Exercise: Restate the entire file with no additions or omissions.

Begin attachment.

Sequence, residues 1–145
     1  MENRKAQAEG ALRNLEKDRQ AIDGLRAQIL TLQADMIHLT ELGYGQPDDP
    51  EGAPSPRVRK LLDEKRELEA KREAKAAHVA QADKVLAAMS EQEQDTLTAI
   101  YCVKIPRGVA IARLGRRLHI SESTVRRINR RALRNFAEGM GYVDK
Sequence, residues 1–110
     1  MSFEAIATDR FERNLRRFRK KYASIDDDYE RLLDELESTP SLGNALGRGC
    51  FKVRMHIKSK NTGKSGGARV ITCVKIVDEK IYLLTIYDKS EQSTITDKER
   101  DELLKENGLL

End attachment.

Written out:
Sequence, residues 1–145
     1  MENRKAQAEG ALRNLEKDRQ AIDGLRAQIL TLQADMIHLT ELGYGQPDDP
    51  EGAPSPRVRK LLDEKRELEA KREAKAAHVA QADKVLAAMS EQEQDTLTAI
   101  YCVKIPRGVA IARLGRRLHI SESTVRRINR RALRNFAEGM GYVDK
Sequence, residues 1–110
     1  MSFEAIATDR FERNLRRFRK KYASIDDDYE RLLDELESTP SLGNALGRGC
    51  FKVRMHIKSK NTGKSGGARV ITCVKIVDEK IYLLTIYDKS EQSTITDKER
   101  DELLKENGLL